The good news; the Truck Series field has been very healthy, averaging 43-44 trucks a weekend two races in (in contrast, the Trucks only had 40-plus entries for five of 25 races in 2010). The problem? The same trucks are missing races. A number of regulars from 2010, including Brent Raymer and Tayler Malsam, have missed both races thus far this year, alongside Rick Crawford and rookie Chris Eggleston.
Forget the owner points hole trying to climb back into a locked-in spot in the field… how long can these teams go without any race winnings entering the bank account? Keep a close eye on the entry lists over the next month.
Truck Rookie Report
2011 Rookie of the Year Candidates:
Joey Coulter (No. 22)
Dusty Davis (No. 15)
Jeffrey Earnhardt (No. 1)
Chris Eggleston (No. 27)
Craig Goess (No. 46)
Justin Johnson (No. 51)
Parker Kligerman (No. 29)
Johanna Long (No. 20)
Chase Mattioli (No. 99)
Miguel Paludo (No. 7)
Nelson Piquet, Jr. (No. 8)
Cole Whitt (No. 60)
“Points are points. If you run well, points take care of themselves. With this new points system, it’s going to be tight. One bad day, you can drop eight spots. A good day, you can gain eight spots. We’re in a good position because we’ve stayed smart in the these first two races. We’re definitely good enough to run with those veterans, those guys that have the Truck Series what it is today.” – Cole Whitt, who finished a career-best sixth on Friday
Back-to-back top-10 finishes to start the 2011 demonstrate exactly the type of consistency that has kept Crafton a fixture at the top of the Truck Series, and also have the No. 88 driver leading the points two weeks into the year. Crafton finished seventh on Friday night, taking the points lead away from Clay Rogers by a single marker (who held onto second on the legs of a solid, lead-lap finish of 16th).
Rookie Whitt continues to show promise, with a top-10 finish propelling him to third in points. Crafton’s Thorsport teammate Sauter and Timothy Peters round out the top five in the standings.
“We had a really good truck, but I was scared there at the beginning. I was like, ‘man, it’s going to come down like last fall… Clint’s [Bowyer] going to walk the dog on this one.’ But Eric [Phillips, No. 18 crew chief] made some changes to this thing that really brought it to life.” – race winner Kyle Busch, who on Friday reached 25 career truck wins faster than any driver in series’ history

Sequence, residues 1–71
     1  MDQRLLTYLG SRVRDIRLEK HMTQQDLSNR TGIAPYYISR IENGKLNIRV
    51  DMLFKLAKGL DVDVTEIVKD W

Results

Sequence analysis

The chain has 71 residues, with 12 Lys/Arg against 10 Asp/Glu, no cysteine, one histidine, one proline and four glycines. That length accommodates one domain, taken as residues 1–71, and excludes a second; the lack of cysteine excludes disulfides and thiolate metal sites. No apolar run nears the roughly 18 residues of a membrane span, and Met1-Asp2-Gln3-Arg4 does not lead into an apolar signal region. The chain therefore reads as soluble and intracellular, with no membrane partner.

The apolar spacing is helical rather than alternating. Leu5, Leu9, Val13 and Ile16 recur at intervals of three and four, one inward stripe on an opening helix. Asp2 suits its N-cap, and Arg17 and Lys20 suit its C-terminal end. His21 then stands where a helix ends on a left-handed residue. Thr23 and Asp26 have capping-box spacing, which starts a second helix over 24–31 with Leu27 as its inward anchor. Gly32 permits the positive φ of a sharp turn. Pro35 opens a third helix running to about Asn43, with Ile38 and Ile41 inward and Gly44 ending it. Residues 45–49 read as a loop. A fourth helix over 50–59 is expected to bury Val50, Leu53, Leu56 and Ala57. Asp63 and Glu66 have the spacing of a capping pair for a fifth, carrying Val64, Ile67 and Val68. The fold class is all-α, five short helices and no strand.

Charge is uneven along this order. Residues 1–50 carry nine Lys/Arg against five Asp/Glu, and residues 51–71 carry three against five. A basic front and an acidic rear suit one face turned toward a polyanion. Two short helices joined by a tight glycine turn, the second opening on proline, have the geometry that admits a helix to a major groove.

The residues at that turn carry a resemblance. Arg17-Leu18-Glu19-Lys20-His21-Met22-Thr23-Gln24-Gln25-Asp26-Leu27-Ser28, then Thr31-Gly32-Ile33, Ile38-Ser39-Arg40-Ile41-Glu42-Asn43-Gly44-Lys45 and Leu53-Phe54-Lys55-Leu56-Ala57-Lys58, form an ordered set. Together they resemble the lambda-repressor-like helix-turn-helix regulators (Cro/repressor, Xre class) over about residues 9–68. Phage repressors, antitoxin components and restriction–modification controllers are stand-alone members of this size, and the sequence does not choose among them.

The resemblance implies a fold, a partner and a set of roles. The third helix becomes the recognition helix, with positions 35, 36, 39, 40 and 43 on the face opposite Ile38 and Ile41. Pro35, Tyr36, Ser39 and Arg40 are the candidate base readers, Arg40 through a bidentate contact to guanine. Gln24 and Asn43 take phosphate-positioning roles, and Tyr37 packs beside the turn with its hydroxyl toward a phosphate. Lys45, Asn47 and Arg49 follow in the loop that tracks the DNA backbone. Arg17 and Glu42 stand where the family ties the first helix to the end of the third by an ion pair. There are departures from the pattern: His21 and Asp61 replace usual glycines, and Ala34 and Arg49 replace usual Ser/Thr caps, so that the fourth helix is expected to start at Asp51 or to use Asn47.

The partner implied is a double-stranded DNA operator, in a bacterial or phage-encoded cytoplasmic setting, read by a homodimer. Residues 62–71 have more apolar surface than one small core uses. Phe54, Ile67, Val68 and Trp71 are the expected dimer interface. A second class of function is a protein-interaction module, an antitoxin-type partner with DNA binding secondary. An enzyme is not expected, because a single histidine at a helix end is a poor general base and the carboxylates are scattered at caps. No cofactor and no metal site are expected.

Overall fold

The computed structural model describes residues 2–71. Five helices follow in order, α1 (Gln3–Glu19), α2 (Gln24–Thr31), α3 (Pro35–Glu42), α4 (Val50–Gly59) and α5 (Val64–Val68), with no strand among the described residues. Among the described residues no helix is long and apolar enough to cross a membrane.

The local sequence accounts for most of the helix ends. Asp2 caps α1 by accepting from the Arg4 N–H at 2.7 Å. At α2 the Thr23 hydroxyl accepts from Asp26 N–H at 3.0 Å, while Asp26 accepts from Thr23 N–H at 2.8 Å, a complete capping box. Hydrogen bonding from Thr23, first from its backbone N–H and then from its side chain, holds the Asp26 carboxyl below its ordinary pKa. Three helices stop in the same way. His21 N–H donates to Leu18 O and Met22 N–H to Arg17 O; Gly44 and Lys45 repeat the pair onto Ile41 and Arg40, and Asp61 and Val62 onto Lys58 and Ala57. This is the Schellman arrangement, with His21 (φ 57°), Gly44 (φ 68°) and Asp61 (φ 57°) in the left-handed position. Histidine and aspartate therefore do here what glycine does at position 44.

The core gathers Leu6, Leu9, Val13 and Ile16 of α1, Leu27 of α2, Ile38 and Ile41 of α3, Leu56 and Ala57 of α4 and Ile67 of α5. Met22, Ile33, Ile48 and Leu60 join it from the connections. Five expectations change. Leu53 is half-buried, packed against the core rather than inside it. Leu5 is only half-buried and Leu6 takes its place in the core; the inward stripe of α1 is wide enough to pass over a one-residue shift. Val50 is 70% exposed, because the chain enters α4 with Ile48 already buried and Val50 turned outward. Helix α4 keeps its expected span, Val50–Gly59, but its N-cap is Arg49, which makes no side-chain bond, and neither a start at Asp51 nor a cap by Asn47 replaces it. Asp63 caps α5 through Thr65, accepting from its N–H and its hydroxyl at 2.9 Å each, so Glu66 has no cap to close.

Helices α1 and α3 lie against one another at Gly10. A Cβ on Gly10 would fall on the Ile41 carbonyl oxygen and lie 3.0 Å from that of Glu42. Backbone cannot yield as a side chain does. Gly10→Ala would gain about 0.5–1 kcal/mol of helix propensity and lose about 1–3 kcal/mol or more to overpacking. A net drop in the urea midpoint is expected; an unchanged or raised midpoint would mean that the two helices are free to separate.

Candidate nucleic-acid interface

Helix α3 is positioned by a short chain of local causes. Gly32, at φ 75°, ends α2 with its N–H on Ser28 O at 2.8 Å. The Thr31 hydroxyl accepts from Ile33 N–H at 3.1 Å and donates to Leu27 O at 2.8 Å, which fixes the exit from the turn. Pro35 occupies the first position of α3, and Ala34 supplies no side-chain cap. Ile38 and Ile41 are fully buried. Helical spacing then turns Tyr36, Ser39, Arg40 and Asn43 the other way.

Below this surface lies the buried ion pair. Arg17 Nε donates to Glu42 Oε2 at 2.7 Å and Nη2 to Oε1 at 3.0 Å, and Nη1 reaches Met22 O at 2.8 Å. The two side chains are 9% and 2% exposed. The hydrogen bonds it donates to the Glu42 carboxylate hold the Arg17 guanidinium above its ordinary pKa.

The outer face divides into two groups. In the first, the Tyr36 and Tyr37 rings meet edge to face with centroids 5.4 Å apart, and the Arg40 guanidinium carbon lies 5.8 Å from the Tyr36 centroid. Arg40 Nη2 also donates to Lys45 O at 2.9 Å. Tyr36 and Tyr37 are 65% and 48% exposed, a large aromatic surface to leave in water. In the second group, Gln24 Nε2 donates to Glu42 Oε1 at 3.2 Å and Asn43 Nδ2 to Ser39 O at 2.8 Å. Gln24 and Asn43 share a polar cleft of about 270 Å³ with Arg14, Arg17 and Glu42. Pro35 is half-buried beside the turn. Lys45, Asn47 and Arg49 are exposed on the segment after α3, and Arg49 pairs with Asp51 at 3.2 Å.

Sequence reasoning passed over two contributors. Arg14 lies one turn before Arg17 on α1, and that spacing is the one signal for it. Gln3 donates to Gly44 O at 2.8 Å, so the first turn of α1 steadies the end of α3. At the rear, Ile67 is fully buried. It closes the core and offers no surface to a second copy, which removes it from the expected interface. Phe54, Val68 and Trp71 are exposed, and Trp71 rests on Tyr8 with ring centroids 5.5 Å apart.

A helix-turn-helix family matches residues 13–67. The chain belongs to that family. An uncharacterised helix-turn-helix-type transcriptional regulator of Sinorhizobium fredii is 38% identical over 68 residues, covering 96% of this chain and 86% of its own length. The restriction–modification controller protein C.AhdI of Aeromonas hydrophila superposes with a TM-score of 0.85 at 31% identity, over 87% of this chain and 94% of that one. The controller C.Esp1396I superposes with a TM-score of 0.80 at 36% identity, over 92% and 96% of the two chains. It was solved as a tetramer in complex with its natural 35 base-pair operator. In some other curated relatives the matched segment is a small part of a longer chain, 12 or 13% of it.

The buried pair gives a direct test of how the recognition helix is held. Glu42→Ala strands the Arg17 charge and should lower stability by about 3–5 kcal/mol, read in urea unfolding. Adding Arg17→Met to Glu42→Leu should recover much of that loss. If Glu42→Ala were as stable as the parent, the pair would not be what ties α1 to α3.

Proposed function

“We had a decent truck all night long. Our GearWrench Tundra was a little snug, but they got me right in the pits. Those guys do a great job in the pits. I just put us in a bad position. The hole was open and I went down, and it closed up pretty quick and we spun out. It’s not what we wanted, but we had a good truck and we finished 12th, in one piece. We’ll go to Darlington and maybe make up for it there. As far as I’m concerned, I got my worst track out of the way until we get to Loudon.” – Timothy Peters, finished 12th
“It has been a huge learning experience over the first two races of the season. I shoulder the blame for the problems we have had over these past two races with [Mike] Skinner and I know that we are better than what we have shown over the past two weeks. I truly appreciate everyone’s support in our first season in the Camping World Truck Series and our team is working hard and learning from our mistakes.” – team owner Eddie Sharp, whose two trucks (Craig Goess, No. 46; Skinner, No. 45) currently sit 18th and 35th in owner points
Up Next: The Camping World Truck Series heads next to the Darlington Raceway on Saturday, March 12 for the Too Tough To Tame 200. As one would expect at Darlington, experience trumped youth the last time the series visited in August, with eventual-champion Bodine scoring the win over polesitter Peters. Coverage begins at 5 p.m. ET on SPEED.
About the author
Richmond, Virginia native. Wake Forest University class of 2008. Affiliated with Frontstretch since 2008, as of today the site's first dirt racing commentator. Emphasis on commentary. Big race fan, bigger First Amendment advocate.